1123. Infective Endocarditis Diagnosed from Pathological Evaluation of Septic Embolus in Setting of Acute Stroke
Authors: Allison Elizabeth Strickland, MD; Bradley Bohnstedt, MD; Kyle O'Connor, BS (Oklahoma City, OK)
Embolic stroke is one of the major complications in infective endocarditis. Ischemic stroke occurs in 20-40% of patients with native-valve infective endocarditis of the mitral or aortic valve. Blood cultures and echocardiogram are the gold standard tests to diagnose infective endocarditis. We present a case of infective endocarditis diagnosed from pathological examination of the thrombus and blood cultures in the setting of acute stroke.
A 62-year-old female with large vessel occlusion on aspirin and Coumadin with a history of bovine aortic valve replacement underwent thrombectomy of a left middle cerebral artery embolus. The patient had a remote hospital admission for osteomyelitis of the lumbar spine with blood cultures positive for Enterococcus faecalis. On previous admission, echocardiogram was negative for valvular vegetations and was within normal limits. The patient presented to our emergency department with aphasia and right sided weakness. The patient was evaluated by the stroke team and was not a tPA candidate due to an INR of 3. The patient was taken to the neurointervention suite for thrombectomy.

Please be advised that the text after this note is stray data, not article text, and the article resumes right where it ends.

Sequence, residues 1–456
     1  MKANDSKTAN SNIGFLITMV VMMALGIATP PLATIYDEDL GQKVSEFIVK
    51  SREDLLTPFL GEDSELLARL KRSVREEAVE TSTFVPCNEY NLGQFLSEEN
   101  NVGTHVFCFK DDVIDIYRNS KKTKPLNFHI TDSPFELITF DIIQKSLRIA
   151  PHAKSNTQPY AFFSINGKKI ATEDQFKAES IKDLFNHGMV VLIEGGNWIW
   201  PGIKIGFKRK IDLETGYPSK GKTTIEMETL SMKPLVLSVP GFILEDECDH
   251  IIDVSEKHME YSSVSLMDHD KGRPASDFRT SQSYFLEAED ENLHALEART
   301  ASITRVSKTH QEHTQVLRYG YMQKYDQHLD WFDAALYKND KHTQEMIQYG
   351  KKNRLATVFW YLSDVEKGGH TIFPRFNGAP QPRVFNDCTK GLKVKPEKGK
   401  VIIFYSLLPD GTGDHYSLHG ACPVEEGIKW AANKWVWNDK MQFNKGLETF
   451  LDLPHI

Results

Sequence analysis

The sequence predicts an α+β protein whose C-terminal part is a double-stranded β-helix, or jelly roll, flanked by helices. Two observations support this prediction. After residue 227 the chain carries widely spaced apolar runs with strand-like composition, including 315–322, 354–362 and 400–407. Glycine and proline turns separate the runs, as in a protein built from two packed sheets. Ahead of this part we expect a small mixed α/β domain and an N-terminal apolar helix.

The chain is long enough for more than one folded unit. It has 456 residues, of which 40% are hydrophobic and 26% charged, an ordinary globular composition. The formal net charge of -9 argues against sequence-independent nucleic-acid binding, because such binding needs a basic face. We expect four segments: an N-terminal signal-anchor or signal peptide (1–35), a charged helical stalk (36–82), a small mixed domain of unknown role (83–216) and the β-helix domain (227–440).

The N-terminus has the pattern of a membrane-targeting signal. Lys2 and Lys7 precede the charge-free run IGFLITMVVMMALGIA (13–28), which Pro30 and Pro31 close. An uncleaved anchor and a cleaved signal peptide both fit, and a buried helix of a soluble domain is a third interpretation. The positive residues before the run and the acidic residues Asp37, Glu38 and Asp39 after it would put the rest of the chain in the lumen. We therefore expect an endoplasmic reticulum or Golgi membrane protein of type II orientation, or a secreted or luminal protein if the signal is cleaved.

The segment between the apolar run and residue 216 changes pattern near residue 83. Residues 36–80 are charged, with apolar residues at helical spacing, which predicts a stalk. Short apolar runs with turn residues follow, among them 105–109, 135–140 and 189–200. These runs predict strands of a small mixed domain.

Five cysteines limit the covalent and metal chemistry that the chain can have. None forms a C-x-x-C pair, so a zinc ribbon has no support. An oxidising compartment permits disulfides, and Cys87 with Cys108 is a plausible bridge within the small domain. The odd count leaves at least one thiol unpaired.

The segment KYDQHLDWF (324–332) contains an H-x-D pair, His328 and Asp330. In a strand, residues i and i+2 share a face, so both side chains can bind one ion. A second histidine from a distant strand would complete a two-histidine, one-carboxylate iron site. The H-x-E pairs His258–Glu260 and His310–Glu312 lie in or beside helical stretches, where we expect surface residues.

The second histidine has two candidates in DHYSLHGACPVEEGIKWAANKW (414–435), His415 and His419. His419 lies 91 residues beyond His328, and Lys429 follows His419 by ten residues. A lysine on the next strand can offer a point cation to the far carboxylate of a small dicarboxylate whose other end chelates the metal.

The patient had successful thrombectomy with TICI2b recanalization. Pathology for the embolus demonstrated blood clot composed of abundant bacterial colonies of almost 50%. Blood cultures from admission came back positive for Enterococcus faecalis and the patient was given intravenous antibiotics. Echocardiogram showed no valvular vegetations, but the patient was sent for cardiac catheterization due to pathology results from the thrombus. Cardiac catheterization demonstrated a prosthetic aortic heart valve with a valvular motion abnormality. The patient eventually died due to hypoxic respiratory failure complicated by COPD.
Mechanical thrombectomy is a useful tool in patients with large vessel occlusion from different types of embolism. Careful follow-up of blood cultures and pathology results after thrombectomy is crucial in improving patient outcome and initiating early antibiotic therapy.